I've also previously pointed out that it is a near certainty that no clergy will ever be required to marry a same sex couple. My list of marriages that clergy could be required to perform as a prioritized list is:
  1. People of faiths different than the clergy
  2. Divorced people
  3. Interracial couples
  4. Same sex couples
For both #2 & 3 when those things became legal and more common, people wailed and moaned that clergy would now be required to go against their faith. Catholics were sure that Priests would have to marry divorced Catholics but nope. Racists were certain clergy would be forced to marry interracial couples but it hasn't happened. Until we force clergy to act in the first three situations I'm certain the fourth situation won't happen.

All that said I'm a huge supporter of absolute freedom of conscience in religious maters. Whenever actual religious liberty is infringed I'm right there sending money to support the ACLU and others organizations taking on those cases. But for the silly faux persecution that so many US citizens like to claim, I pay them little attention.
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Old 5th July 2017, 03:34 AM   #148
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Originally Posted by Meadmaker View Post
Masterpiece Cakeshop is a sole proprietorship owned by Jack Phillips. He's an independent, self employed, citizen who owns a bakery and decorates cakes.


He has rights, even when he's working.
Was Piggie Park wrongly decided then? It stomped all over, Lloyd Maurice Bessinger's religious christian views.
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Old 5th July 2017, 03:41 AM   #149
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Originally Posted by Meadmaker View Post
The problem with this is that, in practice, almost everything you do in the public eye somehow involves commerce. I'm sitting in my own home, not visible to anyone, right at this moment, but the reason you can read this is that I am paying a cable company and an electricity company.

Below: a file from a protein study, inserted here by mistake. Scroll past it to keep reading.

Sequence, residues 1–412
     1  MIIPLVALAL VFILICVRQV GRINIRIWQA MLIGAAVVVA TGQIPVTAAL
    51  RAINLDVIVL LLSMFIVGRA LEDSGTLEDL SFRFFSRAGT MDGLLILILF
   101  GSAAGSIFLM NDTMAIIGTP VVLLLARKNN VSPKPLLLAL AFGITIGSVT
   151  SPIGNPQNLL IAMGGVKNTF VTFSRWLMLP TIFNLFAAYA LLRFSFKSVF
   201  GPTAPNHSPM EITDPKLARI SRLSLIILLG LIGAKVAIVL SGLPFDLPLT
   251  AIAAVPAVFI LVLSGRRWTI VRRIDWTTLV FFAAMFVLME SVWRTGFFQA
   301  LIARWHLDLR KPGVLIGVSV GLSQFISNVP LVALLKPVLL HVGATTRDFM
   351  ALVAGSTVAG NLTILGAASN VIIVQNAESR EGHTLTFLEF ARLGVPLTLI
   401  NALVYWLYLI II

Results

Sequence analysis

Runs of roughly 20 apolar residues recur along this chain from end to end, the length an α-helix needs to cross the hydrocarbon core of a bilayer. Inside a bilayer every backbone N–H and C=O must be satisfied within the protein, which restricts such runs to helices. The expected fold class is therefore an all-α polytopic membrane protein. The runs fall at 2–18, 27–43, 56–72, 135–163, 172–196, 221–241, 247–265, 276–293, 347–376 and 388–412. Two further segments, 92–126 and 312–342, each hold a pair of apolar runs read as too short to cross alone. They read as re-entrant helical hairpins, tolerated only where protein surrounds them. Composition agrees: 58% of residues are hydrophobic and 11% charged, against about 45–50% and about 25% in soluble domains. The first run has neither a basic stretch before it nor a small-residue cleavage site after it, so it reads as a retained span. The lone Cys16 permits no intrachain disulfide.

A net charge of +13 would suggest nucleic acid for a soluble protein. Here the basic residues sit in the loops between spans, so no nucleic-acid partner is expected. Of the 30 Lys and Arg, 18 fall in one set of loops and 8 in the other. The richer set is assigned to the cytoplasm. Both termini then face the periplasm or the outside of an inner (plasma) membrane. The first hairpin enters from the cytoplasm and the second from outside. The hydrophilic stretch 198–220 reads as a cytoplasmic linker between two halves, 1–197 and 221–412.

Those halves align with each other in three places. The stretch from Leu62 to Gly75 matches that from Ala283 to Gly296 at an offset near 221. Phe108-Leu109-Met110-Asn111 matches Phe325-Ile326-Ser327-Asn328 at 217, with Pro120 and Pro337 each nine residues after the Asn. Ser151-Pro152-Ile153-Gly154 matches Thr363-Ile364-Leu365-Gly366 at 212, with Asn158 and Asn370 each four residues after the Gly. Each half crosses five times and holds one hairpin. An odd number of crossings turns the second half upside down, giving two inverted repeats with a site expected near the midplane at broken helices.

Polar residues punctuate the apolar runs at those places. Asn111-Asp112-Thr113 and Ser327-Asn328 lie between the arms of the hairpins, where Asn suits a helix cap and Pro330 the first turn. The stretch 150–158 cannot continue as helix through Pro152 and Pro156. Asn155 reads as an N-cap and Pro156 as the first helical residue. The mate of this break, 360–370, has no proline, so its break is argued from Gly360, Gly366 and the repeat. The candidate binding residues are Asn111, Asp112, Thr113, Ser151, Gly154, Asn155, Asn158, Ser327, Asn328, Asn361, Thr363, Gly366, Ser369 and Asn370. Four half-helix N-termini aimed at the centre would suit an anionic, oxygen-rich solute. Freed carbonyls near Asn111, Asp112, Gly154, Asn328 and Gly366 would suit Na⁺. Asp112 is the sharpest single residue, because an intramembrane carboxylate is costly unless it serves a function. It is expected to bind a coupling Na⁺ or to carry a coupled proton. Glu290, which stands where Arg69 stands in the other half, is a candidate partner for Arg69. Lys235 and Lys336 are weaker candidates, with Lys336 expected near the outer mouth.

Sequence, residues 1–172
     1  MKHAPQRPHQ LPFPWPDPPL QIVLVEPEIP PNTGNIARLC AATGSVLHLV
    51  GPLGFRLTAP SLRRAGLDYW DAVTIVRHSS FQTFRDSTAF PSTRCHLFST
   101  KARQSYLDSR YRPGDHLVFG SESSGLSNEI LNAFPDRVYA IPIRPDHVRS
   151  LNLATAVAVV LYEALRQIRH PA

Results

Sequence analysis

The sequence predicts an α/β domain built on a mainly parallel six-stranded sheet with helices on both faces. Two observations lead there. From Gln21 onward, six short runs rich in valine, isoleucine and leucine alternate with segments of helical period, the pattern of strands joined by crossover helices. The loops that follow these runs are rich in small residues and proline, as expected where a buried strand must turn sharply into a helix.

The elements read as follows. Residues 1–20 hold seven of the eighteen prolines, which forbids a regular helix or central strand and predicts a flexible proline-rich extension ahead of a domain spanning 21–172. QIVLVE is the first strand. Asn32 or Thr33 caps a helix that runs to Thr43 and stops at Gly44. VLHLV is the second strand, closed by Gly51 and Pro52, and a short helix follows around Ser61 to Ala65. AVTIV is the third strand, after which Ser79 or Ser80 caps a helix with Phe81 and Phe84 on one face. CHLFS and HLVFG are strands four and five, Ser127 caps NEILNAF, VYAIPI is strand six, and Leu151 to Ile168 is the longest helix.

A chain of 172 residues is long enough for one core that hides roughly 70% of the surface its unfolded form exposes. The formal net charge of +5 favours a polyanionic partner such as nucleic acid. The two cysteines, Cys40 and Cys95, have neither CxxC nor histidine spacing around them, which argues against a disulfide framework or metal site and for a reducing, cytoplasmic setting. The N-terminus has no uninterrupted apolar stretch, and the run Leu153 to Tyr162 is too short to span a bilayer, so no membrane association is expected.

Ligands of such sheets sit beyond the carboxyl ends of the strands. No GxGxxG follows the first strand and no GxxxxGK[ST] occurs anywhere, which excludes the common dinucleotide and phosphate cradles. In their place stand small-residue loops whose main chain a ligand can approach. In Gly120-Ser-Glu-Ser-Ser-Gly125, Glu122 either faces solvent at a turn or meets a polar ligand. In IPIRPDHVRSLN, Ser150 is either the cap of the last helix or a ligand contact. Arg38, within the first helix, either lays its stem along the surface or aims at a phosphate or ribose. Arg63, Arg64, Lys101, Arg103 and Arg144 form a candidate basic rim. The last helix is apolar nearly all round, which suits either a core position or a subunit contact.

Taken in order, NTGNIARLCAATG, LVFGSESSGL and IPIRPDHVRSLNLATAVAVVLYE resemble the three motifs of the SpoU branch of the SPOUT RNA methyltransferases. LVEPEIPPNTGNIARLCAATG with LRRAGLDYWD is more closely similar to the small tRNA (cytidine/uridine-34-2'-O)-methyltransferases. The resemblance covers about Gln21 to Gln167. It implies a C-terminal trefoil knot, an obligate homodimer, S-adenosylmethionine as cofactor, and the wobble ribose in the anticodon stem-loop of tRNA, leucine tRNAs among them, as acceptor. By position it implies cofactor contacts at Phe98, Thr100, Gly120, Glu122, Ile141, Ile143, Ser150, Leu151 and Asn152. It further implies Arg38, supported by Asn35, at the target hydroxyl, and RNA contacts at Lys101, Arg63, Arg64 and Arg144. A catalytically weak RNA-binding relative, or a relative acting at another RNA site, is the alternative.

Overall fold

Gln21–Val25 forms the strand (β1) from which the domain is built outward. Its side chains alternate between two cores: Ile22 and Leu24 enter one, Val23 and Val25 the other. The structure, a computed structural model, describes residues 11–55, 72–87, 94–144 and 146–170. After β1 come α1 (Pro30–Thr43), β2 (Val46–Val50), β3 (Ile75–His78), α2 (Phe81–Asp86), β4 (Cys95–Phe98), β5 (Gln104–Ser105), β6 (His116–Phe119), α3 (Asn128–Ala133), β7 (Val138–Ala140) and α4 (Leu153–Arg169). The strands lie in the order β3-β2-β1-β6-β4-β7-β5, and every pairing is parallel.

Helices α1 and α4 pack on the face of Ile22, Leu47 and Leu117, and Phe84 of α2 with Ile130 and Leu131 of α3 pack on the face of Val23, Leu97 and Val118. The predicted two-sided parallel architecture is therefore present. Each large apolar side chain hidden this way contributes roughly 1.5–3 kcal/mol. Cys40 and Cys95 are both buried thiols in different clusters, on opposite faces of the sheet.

And if those companies decide it is in the religious beliefs of the company to no longer offer you service that is their rights, for any reason they choose.
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Old 5th July 2017, 03:44 AM   #150
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Originally Posted by paulhutch View Post
I've also noticed the ocean side wedding place in NJ being brought up again. A few years ago on this forum I linked the actual documents from the legal proceedings. A summary from memory, the church begged the town to explicitly allow them to forego their religious exemption so they could receive a tax payer funded benefit. The church promised to never discriminate since they were making the facility a place subject to public accommodation law. All was well for years then NJ legalized same sex marriage. The church knew they could no longer keep their word but rather than ask to use their religious exemption and give up the tax payer funded service they decided to wait. No same sex couple asked to use the facility for a year or two then it finally happened and they refused service to the couple. The church was reported by the couple and then confronted by the authorities. In the end the church was let off with no fine and began using their religious exemption so they could legally say no to same sex couples wishing to rent the facility. Of course they also no longer get the tax funded benefit that is meant only for facilities that are public accommodations.
And now blocking that tax payer benefit from churches is unconstitutional anyway.
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Old 5th July 2017, 08:37 AM   #151
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Originally Posted by ponderingturtle View Post
And now blocking that tax payer benefit from churches is unconstitutional anyway.
Have cake?

Check.

Eating cake?

Check.

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Old 5th July 2017, 10:10 AM   #152
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Originally Posted by Delphic Oracle View Post
God, the boot is just on your throats, how do you muster the will to go on in such a dystopic reality?